An essential guide to food safety challenges in the 21st Century
Roy Manuell, Junior Editor of New Food, brings you a 21st Century update on developments and improvements in food safety.
Contamination of food produce, be it deliberate or accidental, has extremely significant implications in the 21st Century. We might firstly consider food contamination as stemming from three principle motivations:
This instance represents the deliberate contamination of food and beverages to maximise profit which is ultimately an act of deliberate deception of the consumer to satisfy and maximise corporate profitability.
Threat to public health
In this case, it is often an accidental (but no less serious) and perhaps careless mishandling of food that leads to the production of unhygienic food outcomes.
An emerging threat that is being considered by governments around the world. This is essentially the use of food to deliberately cause harm to human populations for political or belief-motivated reasons.
In conclusion to this opening definition, we might deduce that food safety is very much at the top of the food and beverage industry’s ‘things to do’ agenda – the international media coverage and exposure of the respective Chinese melamine scandal of 2008 and the European horse meat scandal of 2013 proving the sheer importance of the issue from a global standpoint.
So what must we do?
Legislate, legislate and legislate again
Across the globe, legislators and regulators are sitting up and taking notice. In the US, the FDA has recently introduced the first US legislation against deliberate food adulteration, requiring manufacturers to put much more stringent protections in place throughout the food production pipeline. Regulation seems to be working but nevertheless is far from a standalone solution.
Embrace the tech and science revolution
Big advances in NMR spectroscopy largely to analyse oils, wine and honey; new laser technology that has the capacity to ensure that coffee and chocolate quality is kept to its highest and chromatography developments have improved the checking process on drinking water.
These are just a drop in the ocean (if you’ll excuse the pun) regarding new technologies that are being constantly developed to challenge fraudulent practice.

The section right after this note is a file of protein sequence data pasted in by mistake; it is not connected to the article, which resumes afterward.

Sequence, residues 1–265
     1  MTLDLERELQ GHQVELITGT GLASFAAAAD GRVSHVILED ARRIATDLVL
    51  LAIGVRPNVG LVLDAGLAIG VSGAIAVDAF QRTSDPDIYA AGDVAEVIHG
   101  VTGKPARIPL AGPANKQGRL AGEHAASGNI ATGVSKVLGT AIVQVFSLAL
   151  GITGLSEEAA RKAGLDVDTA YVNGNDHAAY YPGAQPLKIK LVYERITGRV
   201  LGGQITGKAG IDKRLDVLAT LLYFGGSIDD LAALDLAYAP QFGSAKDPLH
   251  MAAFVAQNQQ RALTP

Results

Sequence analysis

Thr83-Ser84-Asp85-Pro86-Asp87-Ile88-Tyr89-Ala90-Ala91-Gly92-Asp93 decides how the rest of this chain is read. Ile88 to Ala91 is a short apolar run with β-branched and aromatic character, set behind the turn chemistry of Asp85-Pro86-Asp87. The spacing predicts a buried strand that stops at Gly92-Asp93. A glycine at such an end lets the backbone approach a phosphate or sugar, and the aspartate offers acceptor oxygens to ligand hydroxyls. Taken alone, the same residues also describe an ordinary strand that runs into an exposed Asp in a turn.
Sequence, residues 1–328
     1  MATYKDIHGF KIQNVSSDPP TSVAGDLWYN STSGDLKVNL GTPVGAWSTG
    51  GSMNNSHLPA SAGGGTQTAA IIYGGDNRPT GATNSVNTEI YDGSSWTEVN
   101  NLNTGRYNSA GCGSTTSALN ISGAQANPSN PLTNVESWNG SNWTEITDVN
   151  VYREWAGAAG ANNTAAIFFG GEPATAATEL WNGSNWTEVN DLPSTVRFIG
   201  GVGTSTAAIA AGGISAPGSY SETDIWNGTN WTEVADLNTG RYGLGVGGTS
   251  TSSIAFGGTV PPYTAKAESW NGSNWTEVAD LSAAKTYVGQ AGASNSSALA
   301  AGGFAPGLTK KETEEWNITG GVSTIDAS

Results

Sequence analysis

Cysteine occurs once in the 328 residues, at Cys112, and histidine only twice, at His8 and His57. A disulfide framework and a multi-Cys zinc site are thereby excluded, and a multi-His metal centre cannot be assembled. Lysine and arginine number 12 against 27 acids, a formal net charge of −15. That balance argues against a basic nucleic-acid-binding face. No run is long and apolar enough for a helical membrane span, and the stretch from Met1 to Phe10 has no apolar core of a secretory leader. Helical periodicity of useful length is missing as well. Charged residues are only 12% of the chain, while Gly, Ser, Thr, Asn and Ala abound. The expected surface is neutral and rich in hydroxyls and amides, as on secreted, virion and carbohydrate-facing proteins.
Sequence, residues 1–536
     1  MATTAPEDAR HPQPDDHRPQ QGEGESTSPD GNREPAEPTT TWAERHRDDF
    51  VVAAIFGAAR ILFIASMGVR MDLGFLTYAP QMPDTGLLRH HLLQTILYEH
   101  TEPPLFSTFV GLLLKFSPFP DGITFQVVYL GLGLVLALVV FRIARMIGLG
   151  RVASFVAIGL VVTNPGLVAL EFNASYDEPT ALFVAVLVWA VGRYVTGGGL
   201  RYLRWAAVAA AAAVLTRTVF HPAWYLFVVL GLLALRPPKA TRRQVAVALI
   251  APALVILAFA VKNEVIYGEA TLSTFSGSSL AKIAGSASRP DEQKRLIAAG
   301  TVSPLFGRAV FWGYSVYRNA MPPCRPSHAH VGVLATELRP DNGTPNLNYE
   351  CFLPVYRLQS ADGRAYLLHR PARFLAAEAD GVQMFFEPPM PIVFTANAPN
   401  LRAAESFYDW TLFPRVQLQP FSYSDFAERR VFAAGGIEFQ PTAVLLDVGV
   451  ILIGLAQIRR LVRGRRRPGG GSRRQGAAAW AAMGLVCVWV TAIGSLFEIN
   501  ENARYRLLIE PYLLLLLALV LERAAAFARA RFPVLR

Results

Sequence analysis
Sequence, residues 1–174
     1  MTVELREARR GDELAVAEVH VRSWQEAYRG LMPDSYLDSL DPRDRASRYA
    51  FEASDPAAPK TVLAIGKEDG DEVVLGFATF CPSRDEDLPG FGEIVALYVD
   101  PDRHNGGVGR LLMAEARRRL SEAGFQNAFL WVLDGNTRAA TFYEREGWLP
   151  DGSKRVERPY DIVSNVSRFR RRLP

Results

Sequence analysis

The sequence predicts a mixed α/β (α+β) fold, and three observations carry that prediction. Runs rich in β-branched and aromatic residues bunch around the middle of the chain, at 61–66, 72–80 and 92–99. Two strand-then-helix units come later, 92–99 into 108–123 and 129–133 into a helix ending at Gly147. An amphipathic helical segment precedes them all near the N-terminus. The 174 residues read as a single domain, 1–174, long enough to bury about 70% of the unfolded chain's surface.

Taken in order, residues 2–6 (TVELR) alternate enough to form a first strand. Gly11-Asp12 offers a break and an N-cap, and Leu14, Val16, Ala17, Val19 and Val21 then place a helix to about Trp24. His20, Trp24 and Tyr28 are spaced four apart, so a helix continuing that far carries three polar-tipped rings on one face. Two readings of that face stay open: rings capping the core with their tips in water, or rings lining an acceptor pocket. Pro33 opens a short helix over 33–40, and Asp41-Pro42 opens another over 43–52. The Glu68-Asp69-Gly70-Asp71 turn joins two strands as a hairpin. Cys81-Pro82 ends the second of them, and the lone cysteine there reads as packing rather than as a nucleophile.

Threats to food safety have undoubtedly changed in light of new technological advances and it is clear that we must too embrace even more advanced methods of prevention. Funding, innovation and determination will be key to ensuring a healthy marriage between food and science to ensure its safety for all.
Living in a globalised world – in which one crop is grown in a specific country or region, for example rice in Asia, but is distributed and consumed around the world – necessitates that transparency is key across the supply chain. Many worry that practices differ too greatly and the geopolitical distance between different nation states encourages fraudulent practice. In essence, imports pose a challenge for food safety due to both legal and logistical restrictions on inspections and standards.
Is bioterrorism in food a genuine threat?
This is something we largely haven’t explored yet. In theory, in the current tumultuous political climate and post-9/11 world it is equally and unfortunately something we cannot rule out. For this reason, we must admit that bioterrorism through food-supply contamination is a legitimate challenge that governments have to address.
It is widely thought that the 2011 outbreak of E. coli in Northern Germany that hit over 3000 people, and caused the deaths of over 50 might have been spread deliberately. Researchers following the outbreak examined the virulence and rapidity of the spread of the E. coli strand traced back to fenugreek sprouts from Egypt, suggested that it was not a natural outbreak.
In response to earlier fears, the US have implemented legislation in the form of the 2002 Bioterrorism Act, in which food businesses are fundamentally required to register with the US Food and Drug Administration.1 and declare shipment information and other records.
A fishy issue
Elsewhere, in Europe fish mislabelling was causing noticeable fraudulent practice as many fish appear when filleted utterly indistinguishable from the next. Seafood fraud has therefore become a very serious issue both from a purely food fraud perspective but also for the sustainability of many species. Recent European analysis that looked into the most commonly purchased types of fish found that species, such as cod, tuna, hake and plaice, were mislabelled in up to 40% of cases.1
Both damaging to consumers, the environment and competition in the food production market, food fraud is becoming a true black mark on our industry. Fortunately, genetic technology has led the way in tackling the issue as well as ever-stricter EU regulation on labelling, tracing, and standardisation. The increased media and public awareness of fish fraud has been critical to raising awareness.
This is ultimately what we here at New Food strive to achieve. It is our aim to diffuse as much information as far as possible on the issue of food fraud and ensure that collectively as an industry we succeed in tackling this grossly serious challenge.
- Mariani S, Ellis J, O’Reilly A, et al. (2014) Mass Media Influence and the Regulation of Illegal Practices in the Seafood Market. Conservation Letters; 7: 478-483